- Honorary Degree (2004)
- Doctor of Humane Letters
- Indianapolis, Indiana
- Presenter: Adam W. Herbert
Scholars throughout the United States have praised Robert Lynn for his efforts to revive and redefine the discipline of religious studies. Columbia University Professor Emeritus Douglas Sloan, for example, has called The Big Little School, the history of American Sunday school that Lynn co-authored with Elliot Smith, "a classic in the field." Sloan adds that "of great value to many of us ... have been Dr. Lynn's many, many personal friendships and his conversations, his insights and his encouragement to young and established scholars alike."
Lynn attended Princeton University, graduating magna cum laude with a bachelor of arts in 1948, and Yale University, from which he earned a bachelor of divinity in 1952. Early in his career, he was an assistant minister at Montview Boulevard Presbyterian Church in Denver, Colorado, and then an assistant professor at Union Theological Seminary, where he earned a doctorate in theology in 1962. For 15 years, Lynn served as dean of the Auburn Theological Seminary and during the same period taught at Columbia University's Teachers College and at Fordham University. Lynn has also been awarded three honorary Doctor of Divinity degrees, from Emory University (1989), Christian Theological Seminary (1989), and Wabash College (1995).
In 1976 Lynn joined the Indianapolis-based Lilly Endowment as its senior program officer. He served the organization as vice president and then senior vice president, retiring from the endowment in 1989. IUPUI Department of Religious Studies Chair Thomas J. Davis notes that in Lynn's years there, the Lilly Endowment awarded nearly 1,900 grants totaling more than $100 million." Aside from his depth of scholarship," Davis says, "Dr. Lynn encouraged a breadth that makes for a very inclusive approach to studies of American religion. Rather consistently, those who look back and evaluate Dr. Lynn's work speak of how he was always ahead of the curve, anticipating what would become the major issues in the study of American religion."
Professor Emerita Jan Shipps of IUPUI details how, in 1989, she and Indiana University Bloomington Professor David Smith organized "what we anticipated would be a small conference" to honor the work Lynn had performed over the previous 13 years of directing the Religion Division of the Lilly Endowment.
"We expected that we might attract a dozen scholars," Shipps recalls. "What happened instead was a huge gathering of scholars from throughout the academy whose work had benefited not only from financial assistance in the form of grants from the Lilly Endowment, but also from Bob's intellectual counsel. In a little more than a dozen years, this one individual scholar had virtually jump-started a revitalization of the study of American religion, moving it forward from simply telling denominational stories to considering how religion in all its manifestations had functioned and was functioning in our nation's culture."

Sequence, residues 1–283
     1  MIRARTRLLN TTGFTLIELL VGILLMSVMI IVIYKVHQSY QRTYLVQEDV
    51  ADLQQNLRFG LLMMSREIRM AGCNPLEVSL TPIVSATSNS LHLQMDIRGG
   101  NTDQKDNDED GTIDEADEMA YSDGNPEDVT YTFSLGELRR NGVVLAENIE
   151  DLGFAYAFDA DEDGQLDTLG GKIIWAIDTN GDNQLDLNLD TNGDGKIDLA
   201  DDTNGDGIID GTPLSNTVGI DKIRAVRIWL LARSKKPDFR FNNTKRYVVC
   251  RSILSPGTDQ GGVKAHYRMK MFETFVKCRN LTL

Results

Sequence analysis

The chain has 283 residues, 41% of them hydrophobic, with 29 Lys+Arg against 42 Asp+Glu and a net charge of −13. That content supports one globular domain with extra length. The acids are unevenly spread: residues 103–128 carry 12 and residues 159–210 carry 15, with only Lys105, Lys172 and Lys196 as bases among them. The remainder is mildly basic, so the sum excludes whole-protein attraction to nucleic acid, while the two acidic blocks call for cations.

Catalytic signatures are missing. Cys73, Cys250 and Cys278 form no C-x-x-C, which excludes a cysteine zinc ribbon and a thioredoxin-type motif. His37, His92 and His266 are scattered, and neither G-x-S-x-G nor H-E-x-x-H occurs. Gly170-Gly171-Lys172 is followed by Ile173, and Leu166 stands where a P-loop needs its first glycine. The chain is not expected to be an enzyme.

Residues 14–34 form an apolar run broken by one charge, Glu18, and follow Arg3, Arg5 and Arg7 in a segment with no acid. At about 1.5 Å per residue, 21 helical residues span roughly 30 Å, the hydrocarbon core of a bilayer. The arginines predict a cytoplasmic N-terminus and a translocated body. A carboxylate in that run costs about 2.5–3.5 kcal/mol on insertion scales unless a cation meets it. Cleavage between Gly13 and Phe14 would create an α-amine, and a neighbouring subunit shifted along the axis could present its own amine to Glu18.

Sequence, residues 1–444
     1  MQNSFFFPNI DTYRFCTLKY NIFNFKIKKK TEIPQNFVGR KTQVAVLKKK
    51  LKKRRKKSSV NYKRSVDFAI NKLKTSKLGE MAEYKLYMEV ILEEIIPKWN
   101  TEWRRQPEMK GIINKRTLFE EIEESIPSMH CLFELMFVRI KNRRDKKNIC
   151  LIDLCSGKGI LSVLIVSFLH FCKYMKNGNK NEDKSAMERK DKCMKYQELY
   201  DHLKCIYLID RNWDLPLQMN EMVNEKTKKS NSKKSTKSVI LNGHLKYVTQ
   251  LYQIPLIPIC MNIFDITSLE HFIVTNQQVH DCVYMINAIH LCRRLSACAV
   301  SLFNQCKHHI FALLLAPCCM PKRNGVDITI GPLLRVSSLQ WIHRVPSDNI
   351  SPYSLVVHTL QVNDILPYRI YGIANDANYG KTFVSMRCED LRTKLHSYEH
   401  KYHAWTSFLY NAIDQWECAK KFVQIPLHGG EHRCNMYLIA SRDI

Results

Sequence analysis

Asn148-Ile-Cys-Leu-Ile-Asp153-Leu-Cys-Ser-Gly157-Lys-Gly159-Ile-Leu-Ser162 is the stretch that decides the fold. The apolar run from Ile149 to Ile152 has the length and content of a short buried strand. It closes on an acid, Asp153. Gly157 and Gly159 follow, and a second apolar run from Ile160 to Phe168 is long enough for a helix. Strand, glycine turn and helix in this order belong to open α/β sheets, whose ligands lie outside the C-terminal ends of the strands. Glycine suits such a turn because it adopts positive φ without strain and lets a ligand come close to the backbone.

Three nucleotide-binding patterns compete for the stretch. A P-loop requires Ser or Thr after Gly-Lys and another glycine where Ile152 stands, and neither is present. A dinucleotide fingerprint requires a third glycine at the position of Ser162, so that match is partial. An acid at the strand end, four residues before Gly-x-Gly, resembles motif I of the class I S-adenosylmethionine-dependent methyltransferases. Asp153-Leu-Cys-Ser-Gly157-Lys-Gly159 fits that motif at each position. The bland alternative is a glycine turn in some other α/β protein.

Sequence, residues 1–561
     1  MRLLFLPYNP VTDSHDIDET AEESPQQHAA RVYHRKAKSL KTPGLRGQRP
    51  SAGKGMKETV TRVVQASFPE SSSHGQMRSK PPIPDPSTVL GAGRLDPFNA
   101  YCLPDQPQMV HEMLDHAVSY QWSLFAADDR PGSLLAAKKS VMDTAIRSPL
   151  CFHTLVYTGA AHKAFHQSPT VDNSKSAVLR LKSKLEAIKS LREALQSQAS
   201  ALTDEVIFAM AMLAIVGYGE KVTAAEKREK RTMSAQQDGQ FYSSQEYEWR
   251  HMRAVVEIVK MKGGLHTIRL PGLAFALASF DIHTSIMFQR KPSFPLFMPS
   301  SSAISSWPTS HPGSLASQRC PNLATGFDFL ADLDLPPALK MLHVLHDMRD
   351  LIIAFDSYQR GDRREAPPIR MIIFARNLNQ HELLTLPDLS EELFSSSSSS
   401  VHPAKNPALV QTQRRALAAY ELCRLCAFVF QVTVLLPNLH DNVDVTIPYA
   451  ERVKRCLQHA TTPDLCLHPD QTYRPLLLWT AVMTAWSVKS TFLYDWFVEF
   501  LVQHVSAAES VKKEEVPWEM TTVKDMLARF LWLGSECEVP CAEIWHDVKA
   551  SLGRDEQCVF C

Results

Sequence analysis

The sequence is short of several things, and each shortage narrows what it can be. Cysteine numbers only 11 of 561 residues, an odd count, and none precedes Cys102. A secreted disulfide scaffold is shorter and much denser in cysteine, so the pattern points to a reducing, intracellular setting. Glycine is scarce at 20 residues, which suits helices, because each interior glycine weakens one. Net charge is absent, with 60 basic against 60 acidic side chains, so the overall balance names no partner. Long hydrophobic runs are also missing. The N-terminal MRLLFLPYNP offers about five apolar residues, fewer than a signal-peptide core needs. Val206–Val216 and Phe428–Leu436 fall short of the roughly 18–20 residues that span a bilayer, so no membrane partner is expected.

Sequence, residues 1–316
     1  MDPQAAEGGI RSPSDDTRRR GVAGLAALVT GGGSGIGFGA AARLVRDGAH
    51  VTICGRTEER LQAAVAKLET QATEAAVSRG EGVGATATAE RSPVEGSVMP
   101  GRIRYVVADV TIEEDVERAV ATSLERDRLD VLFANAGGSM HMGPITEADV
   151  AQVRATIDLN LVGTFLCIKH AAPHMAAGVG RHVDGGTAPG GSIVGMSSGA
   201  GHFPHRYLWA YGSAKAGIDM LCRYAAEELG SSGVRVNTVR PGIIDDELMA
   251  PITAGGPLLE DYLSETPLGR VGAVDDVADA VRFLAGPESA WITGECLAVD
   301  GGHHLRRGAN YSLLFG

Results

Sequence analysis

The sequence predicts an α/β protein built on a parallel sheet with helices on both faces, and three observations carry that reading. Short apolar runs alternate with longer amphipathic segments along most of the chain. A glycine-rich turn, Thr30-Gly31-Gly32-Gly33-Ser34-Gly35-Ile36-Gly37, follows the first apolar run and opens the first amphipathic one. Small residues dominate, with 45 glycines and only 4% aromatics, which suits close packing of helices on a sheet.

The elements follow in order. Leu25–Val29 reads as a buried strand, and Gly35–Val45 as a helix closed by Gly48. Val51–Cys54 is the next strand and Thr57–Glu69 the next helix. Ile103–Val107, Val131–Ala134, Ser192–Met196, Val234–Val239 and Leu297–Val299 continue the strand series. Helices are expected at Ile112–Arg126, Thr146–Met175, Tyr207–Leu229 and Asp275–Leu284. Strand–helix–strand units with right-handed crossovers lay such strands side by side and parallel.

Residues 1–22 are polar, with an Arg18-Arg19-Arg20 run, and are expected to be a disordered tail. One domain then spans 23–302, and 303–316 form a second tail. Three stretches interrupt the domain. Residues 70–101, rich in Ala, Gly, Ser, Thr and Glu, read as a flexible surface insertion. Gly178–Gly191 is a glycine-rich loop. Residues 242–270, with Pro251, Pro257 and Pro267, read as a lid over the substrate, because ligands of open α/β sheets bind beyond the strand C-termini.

Linda Koch Lorimer, vice president and secretary of Yale University, recounts Lynn's contributions to the Yale Corporation (that university's board of trustees). A year after Lynn joined the board, he was asked to chair a search committee to select a new president for Yale. "Just as he worked to bring out the best in applicants to the Lilly Endowment, he worked to bring out the best from each individual on the board of trustees and to have us collectively make our best decisions," says Lorimer. "My only regret about his career is that he has not taken time (yet) to write the definitive treatise on how university trustees should conduct a presidential search."
Lynn has been the recipient of many honors, including a Woodrow Wilson fellowship and a Protestant Graduate fellowship. Besides The Big Little School, his writings include the book Protestant Strategies in Education as well as more than 40 articles on religion and education. He has also served on the visiting committees of the divinity schools at Yale University, the University of Chicago, and Harvard University. Lynn now lives in Maine, where he served as a scholar in residence at Bangor Theological Seminary until 1995. Throughout his career, he has, in the words of IUPUI Chancellor Charles R. Bantz, "fostered a line of intellectual inquiry that has become important not only as an academic discipline but also as a way of shaping and improving society."